Apples and honey in curry? Indian chefs would be quick to declare heresy.
However, Japanese curry diverged from its roots on the subcontinent long ago and has evolved into a celebrated dish in its own right.
It's commonly served atop white rice, or in a kitschy silver tureen, with a side of tart and crunchy rakkyo pickles.
Beloved by schoolchildren and salarymen alike, its particular blend of sweetness, gentle spice and soothing, viscous mouth-feel has made curry rice one of Japan's most popular dishes.
Manten in Jimbocho is wildly popular among curry rice junkies.
Although technically Chinese, gyoza are now a key part of Tokyo culinary life.
Bite-sized and rich, these dumplings are normally filled with a mix of pork, cabbage and nira chives, then dipped into a tangy blend of soy sauce and vinegar.
Unlike most Japanese foods which come in somewhat skimpy portions to help you know when to stop eating, it's pretty easy to keep ordering round after round of gyoza until you are about to burst.
The gyoza capital of the world is Utsunomiya up in Tochigi, but in Tokyo, the best gyoza experience is Harajuku Gyoza Roh and its sister establishment in Sangenjaya (Taishido 4-4-2, Setagaya-ku, Tokyo; +81 03 5433 2451).
The best part about Gyoza Roh is that you can get garlic-free gyoza -- a rarity in the city.
Come wintertime, Tokyo's streets are filled with the nostalgic, nutty aroma of roasted sweet potatoes, and a plangent call emanating from the yaki-imo trucks can be heard in every neighborhood.
Yaki-imo usually disappear around late spring, but the curiously named daigaku-imo (university potatoes) sugar-crusted sweet potato snack can be found all year round.
Take a look around your local grocery store, or the basement food courts in department stores like Takashimaya, to get your daigaku-imo sweet potato fix.
The term "octopus balls" doesn't do justice to this delectable snack from Osaka.
A crisp exterior surrounding a gooey center of octopus, pickled ginger and scallions, takoyaki carries the heft of a meal in a few ping-pong-sized globes of dough.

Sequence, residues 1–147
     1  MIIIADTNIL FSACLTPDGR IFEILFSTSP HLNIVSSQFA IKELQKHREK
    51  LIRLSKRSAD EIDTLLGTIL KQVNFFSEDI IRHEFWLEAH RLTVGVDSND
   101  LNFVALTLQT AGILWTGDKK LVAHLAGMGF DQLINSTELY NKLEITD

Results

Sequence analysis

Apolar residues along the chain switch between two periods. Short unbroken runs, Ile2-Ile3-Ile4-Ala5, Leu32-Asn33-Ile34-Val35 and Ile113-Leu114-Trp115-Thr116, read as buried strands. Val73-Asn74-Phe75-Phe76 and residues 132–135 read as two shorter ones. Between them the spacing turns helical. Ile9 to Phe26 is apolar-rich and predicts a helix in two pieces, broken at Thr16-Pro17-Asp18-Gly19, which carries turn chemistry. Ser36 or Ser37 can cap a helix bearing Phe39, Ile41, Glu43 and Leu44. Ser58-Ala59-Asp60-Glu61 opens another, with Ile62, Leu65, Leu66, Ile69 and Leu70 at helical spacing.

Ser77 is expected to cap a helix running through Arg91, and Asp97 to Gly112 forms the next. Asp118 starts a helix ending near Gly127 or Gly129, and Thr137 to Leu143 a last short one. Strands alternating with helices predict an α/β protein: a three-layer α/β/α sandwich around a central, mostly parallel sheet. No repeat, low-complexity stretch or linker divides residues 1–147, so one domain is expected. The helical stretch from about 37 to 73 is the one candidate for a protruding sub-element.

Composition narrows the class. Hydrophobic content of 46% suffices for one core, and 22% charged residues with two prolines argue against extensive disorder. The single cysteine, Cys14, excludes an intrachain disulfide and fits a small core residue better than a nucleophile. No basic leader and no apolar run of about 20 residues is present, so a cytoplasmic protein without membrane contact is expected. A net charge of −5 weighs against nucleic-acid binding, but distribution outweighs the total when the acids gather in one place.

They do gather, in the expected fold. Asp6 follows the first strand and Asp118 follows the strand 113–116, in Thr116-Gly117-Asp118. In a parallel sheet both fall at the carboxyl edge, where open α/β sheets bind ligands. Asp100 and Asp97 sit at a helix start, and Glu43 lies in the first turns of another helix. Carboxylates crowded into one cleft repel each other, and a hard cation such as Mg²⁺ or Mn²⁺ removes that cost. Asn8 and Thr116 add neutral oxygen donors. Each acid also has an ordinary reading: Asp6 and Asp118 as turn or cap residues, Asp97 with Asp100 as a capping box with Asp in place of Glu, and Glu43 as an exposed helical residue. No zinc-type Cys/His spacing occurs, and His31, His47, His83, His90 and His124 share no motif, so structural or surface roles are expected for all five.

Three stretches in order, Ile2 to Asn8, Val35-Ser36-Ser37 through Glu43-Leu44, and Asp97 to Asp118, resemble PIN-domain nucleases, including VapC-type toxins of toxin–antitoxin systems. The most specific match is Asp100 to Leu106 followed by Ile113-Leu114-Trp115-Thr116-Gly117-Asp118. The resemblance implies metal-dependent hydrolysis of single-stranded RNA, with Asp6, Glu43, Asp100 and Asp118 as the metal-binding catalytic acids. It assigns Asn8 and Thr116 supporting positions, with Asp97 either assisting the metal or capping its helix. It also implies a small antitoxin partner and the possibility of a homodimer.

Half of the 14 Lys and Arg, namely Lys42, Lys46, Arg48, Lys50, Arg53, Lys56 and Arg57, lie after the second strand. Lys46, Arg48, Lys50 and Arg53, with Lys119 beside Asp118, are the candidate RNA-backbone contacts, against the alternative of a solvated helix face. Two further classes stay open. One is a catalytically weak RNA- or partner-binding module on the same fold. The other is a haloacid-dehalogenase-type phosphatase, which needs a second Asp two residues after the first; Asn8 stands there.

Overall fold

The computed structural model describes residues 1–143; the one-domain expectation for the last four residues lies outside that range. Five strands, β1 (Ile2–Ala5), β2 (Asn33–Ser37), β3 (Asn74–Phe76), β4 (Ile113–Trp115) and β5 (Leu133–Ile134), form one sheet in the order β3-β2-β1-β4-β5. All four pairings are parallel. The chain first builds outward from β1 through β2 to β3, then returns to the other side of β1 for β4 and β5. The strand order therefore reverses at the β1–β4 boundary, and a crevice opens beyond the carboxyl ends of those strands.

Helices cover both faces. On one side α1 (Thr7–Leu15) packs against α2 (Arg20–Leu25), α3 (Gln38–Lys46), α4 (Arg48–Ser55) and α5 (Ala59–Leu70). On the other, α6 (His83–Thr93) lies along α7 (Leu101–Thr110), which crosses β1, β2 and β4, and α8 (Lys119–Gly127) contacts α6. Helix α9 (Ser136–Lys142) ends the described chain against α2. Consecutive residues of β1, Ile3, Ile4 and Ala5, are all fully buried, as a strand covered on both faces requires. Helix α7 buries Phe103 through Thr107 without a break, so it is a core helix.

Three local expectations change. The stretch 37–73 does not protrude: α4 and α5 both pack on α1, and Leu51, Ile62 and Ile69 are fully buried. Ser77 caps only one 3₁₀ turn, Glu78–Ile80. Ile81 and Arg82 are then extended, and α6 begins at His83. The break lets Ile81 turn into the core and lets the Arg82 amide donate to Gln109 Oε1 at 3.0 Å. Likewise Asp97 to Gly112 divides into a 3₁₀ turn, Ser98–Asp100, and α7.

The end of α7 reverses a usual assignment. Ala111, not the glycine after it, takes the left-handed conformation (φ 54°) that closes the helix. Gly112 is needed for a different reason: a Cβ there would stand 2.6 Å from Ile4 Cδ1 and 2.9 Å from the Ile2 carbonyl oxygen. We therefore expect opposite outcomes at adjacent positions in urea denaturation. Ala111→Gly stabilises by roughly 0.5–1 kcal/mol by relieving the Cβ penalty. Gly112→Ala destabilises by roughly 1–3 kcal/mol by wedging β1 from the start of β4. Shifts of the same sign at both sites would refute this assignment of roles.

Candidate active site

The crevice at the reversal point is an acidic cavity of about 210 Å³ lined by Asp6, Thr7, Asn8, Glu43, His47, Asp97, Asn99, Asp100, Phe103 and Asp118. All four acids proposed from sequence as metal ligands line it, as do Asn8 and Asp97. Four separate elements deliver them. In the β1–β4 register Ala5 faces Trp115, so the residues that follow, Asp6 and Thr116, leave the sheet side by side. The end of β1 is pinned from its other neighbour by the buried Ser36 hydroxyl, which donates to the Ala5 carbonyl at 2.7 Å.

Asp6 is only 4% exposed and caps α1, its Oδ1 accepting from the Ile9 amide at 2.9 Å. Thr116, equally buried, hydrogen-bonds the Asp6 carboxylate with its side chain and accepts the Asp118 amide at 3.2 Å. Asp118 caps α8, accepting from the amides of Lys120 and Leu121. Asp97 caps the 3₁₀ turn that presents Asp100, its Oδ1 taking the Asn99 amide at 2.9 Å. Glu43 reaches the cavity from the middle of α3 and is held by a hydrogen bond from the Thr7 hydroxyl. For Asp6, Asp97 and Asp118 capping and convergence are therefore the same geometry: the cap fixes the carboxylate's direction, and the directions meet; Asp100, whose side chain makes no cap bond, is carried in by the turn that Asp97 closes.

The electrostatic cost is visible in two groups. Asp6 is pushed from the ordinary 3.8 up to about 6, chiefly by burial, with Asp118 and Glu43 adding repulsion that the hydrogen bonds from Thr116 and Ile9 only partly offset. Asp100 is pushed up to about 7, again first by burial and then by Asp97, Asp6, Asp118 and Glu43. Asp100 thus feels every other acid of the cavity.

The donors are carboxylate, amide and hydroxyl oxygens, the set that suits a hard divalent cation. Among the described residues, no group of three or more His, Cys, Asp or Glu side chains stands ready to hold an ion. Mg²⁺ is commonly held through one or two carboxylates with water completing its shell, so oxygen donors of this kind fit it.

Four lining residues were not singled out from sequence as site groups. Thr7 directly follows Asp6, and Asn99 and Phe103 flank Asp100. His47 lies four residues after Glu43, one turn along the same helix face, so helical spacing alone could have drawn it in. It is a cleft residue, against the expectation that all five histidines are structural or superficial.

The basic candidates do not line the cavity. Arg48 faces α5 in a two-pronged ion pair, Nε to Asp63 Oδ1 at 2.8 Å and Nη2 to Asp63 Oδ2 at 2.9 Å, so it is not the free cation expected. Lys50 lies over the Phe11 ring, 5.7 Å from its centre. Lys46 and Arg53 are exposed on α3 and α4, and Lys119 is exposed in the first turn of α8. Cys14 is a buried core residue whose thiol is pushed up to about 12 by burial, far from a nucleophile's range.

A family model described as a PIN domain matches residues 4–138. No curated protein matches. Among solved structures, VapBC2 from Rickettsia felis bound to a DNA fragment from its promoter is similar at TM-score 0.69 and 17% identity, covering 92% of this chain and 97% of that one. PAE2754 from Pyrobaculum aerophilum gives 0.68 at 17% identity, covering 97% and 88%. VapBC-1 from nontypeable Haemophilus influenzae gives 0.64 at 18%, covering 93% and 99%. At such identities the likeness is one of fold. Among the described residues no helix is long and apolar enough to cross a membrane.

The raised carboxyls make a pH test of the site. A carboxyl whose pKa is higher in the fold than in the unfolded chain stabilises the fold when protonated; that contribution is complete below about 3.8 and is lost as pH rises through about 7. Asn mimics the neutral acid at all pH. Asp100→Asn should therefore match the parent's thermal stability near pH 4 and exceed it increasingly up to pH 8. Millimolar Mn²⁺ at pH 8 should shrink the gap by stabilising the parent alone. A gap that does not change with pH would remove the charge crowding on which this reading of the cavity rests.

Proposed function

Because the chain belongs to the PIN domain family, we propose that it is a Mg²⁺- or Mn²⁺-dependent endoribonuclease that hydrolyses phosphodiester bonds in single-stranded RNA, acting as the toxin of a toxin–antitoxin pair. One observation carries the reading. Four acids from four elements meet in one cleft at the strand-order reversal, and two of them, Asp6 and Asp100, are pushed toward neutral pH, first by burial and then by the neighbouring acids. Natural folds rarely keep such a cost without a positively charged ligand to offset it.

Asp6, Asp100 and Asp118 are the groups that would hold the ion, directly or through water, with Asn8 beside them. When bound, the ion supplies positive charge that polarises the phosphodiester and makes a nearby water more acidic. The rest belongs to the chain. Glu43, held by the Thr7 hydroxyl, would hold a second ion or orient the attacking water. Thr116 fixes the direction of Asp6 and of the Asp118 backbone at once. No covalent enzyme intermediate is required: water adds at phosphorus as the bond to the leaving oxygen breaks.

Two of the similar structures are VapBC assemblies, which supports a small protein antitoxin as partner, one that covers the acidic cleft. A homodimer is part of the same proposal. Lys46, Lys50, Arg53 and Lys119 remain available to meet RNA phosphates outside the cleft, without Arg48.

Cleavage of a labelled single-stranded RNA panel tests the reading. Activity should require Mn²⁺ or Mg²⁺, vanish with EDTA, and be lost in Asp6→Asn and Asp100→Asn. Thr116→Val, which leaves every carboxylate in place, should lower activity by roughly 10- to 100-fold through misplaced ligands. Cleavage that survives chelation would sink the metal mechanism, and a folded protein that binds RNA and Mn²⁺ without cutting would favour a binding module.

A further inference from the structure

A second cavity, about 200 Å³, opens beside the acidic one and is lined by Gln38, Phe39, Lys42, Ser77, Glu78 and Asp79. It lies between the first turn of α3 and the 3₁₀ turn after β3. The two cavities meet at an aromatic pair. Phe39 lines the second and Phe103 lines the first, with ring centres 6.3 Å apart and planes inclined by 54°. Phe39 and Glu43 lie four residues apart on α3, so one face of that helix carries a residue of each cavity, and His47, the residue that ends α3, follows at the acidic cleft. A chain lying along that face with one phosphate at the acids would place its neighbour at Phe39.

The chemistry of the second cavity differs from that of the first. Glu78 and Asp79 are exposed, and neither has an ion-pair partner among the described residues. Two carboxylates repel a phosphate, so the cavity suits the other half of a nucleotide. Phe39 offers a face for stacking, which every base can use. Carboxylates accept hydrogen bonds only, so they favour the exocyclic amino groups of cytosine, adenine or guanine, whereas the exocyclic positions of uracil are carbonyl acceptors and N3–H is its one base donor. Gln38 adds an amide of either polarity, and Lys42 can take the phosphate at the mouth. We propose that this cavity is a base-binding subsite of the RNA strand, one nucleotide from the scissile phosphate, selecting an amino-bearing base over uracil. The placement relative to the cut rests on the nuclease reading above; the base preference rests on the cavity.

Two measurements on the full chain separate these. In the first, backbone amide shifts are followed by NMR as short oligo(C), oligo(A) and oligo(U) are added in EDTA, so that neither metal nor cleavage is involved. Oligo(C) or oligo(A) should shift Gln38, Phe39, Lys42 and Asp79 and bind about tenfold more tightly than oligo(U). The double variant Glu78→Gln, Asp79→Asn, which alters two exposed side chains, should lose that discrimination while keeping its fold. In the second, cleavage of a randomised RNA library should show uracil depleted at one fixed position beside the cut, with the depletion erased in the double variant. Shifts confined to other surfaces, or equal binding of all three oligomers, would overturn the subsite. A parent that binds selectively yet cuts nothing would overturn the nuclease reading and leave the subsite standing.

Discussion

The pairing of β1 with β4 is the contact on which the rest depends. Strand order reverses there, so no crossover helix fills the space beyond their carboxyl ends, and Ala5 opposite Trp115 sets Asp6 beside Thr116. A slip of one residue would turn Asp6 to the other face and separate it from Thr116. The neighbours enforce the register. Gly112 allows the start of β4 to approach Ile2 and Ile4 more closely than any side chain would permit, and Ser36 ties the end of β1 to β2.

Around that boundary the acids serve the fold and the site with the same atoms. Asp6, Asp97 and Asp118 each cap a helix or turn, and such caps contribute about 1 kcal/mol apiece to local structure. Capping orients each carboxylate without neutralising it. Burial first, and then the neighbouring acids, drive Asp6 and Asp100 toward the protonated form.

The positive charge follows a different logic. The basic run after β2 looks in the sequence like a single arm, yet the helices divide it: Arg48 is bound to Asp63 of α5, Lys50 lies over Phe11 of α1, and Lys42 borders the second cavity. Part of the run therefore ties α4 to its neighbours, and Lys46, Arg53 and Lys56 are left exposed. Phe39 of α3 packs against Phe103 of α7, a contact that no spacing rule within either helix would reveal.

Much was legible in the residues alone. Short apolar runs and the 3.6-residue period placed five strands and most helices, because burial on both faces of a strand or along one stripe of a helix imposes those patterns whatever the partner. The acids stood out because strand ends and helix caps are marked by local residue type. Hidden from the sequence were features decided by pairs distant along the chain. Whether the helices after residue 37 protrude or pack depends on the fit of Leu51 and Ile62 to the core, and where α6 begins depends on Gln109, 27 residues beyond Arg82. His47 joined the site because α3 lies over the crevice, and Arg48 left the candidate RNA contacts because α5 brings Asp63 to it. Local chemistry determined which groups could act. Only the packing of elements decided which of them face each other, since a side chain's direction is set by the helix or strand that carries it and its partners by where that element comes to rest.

Brushed with a sweet sauce and sprinkled with nori, they're a favorite at festivals and as a late-afternoon snack.
Osaka, where takoyaki was first popularized, has a museum dedicated to octopus balls.
It's also the best one-stop destination to sample from five of the most famous takoyaki brands in town -- Kougaryu and Aiduya are two of the shops that have set up counters at the museum.
Tasty, filling and cheaper than a cup of coffee at Doutor, these usually triangular rice balls are the ultimate fast food.
The fact they're available at every convenience store means you're never far from a snack.
Onigiri come stuffed with anything from spicy cod roe and pickled greens to grilled slices of beef with mayonnaise.
In depachika department store basement food courts, you can find them filled with seasonal ingredients such as fresh takenoko bamboo shoots in the spring or matsutake mushrooms in the fall.
Onigiri can be found anywhere and everywhere, but we're partial to the rice balls at ampm (they use 100% domestic rice).
Natto is easily the most divisive food in all of Japanese cuisine.
Like blue cheese or durian, these fermented soybeans have an aggressively pungent aroma and idiosyncratic flavor that people either love or hate.
Detractors complain of its stinky smell and slimy texture, but fans are addicted to its potent umami-rich goodness.
It's delicious tossed with raw tuna and kimchee, or folded into the pork filling for gyoza.
For those still wary of natto, Yamanashi-based natto producer Sendaiya has found a way to sneak it into tasty baked doughnuts.
Washed down with an ice-cold beer, these grilled chicken skewers are ideal for outdoor grazing and summertime snacking.
Yakitori most often refers to grilled dark meat, but a typical meal also includes prized treats such as lightly seared breast meat smeared with wasabi, as well as livers, hearts, buttocks, gizzards, skin and more.
Most places slather the ingredients with a thick syrupy sauce made from soy, rice wine and mirin, but gourmets prefer their meats sprinkled only with salt.
Indulge in rarer and pricier delicacies like grilled suzume (sparrow), uzura (quail), and the show-stopping chochin (ovary and fallopian tube) at Toriyoshi's Nakameguro branch, or their Ginza location (1F Ginza Corridor Gai, Ginza 7-108, Chuo-ku, Tokyo, +81 03 5537 3222).
These fat, savory "pancakes" can be made with any number of ingredients -- thin slices of pork belly, octopus, shrimp and even cheese -- in a variety of combinations.
Hence the name okonomiyaki, which loosely translates as "as you like it."
They're often cooked on a hot griddle at your table.
At several places, you can make them yourself, but it's probably a job best left to the pros.
Monjayaki is okonomiyaki's gloopy, soupy cousin.
The best place to try it is in Osaka, where you'll find dozens of restaurants specializing in monjayaki and okonomiyaki.
Mizuno in Osaka's Dotonbori is a beloved family business in their third generation.